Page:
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Alliance boosts dairy industry

China Daily | Updated: 2017-05-24 07:34

A customer chooses milk products at a supermarket in Xuchang, Henan province. [GENG GUOQING/FOR CHINA DAILY]

Despite considerable improvements in the safety and quality of domestic dairy products following the melamine scandal of 2008, China's dairy farmers still face challenges.

The fragmented supply system remains a problem and progress with mergers and acquisitions remains slow, and they face competition from lower-price imports, especially large-scale imports of milk powders.

When milk prices are at a low level it can lead to the dumping of milk and the killing of cattle. The forced large-scale production cuts at a time of slumped prices also make it difficult for dairy farmers to benefit when prices start to rise again.

This can explain why five ministerial-level departments jointly issued a five-year development plan for the domestic dairy industry earlier this year, requiring efforts be made to improve ties between dairy farmers and dairy processors, stabilize the production and sales of dairy products and promote the sharing of both risks and benefits between the dairy farmers and dairy processors. The establishment of such a relationship will mark an important step toward helping China's dairy industry emerge from its lingering slump and help facilitate China's agricultural industrialization.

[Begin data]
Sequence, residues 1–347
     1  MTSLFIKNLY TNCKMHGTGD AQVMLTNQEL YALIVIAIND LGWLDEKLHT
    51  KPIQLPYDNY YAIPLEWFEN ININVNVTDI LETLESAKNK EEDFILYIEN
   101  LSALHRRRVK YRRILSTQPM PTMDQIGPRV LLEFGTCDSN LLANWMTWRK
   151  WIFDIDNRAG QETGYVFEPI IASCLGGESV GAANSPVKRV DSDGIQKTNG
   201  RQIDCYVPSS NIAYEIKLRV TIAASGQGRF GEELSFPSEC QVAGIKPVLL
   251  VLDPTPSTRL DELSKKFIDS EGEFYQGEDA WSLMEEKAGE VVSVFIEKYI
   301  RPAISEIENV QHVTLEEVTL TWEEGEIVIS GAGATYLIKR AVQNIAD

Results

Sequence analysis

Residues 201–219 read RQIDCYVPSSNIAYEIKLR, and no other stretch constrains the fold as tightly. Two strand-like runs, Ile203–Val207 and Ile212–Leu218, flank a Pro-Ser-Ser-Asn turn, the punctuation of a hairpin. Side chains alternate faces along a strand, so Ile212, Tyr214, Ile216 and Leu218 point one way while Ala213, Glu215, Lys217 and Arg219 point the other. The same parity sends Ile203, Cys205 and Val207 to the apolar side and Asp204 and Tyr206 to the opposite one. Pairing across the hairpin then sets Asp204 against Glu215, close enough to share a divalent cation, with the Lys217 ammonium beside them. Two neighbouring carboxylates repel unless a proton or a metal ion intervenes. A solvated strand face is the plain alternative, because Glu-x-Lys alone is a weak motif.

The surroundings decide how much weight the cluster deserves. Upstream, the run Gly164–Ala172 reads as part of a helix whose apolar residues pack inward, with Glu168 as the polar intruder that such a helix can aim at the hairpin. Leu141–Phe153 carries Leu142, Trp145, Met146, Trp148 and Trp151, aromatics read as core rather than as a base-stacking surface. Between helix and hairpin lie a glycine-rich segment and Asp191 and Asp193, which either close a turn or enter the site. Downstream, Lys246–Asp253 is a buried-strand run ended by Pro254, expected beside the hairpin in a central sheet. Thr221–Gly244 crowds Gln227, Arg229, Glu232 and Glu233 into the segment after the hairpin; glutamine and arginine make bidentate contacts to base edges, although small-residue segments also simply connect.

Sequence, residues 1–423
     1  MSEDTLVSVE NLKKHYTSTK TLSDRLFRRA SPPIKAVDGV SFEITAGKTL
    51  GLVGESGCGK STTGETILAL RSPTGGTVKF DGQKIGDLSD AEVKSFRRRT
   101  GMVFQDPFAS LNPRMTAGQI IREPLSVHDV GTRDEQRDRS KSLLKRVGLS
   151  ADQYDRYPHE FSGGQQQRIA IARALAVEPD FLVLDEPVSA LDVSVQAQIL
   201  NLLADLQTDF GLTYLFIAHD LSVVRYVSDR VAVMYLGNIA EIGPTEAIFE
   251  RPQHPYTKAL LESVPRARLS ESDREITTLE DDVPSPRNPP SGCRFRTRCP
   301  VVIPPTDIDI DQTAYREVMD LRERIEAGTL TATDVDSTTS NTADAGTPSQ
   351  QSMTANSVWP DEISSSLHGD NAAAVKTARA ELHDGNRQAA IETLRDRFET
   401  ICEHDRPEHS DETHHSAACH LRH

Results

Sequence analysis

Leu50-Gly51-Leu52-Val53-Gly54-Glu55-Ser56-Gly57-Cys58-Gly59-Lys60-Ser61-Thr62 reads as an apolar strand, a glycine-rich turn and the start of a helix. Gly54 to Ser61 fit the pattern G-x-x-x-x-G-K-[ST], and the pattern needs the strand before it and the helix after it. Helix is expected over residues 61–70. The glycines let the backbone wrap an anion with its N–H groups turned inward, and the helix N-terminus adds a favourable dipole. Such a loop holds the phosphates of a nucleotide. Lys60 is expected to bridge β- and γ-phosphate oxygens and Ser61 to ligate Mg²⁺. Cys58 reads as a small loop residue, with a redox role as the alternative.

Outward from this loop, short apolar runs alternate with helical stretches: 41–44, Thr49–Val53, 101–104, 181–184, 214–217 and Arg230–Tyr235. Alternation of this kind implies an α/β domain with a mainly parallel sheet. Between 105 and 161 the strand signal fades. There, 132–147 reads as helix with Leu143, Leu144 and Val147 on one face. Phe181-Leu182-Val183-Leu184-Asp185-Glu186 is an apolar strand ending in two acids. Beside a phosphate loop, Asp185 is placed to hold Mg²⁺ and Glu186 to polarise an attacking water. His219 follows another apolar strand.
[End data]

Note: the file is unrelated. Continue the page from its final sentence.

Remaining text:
The recently released development plan seeks to strengthen the standards, laws and regulations in the dairy market, and mainly focuses on adjusting the structure of the dairy industry and guaranteeing the quality and safety of the dairy products.

They include stricter requirements for dairy farms and the processing of dairy products.

To effectively consolidate and strengthen their interests alliance, the dairy farmers and dairy processors should work together to create a bigger interest cake, for example, by trying to making higher value-added products, given that meager profits always create an embarrassing situation of there being "no profits to share" for the two partners that both lie at the low end of the industry chain.


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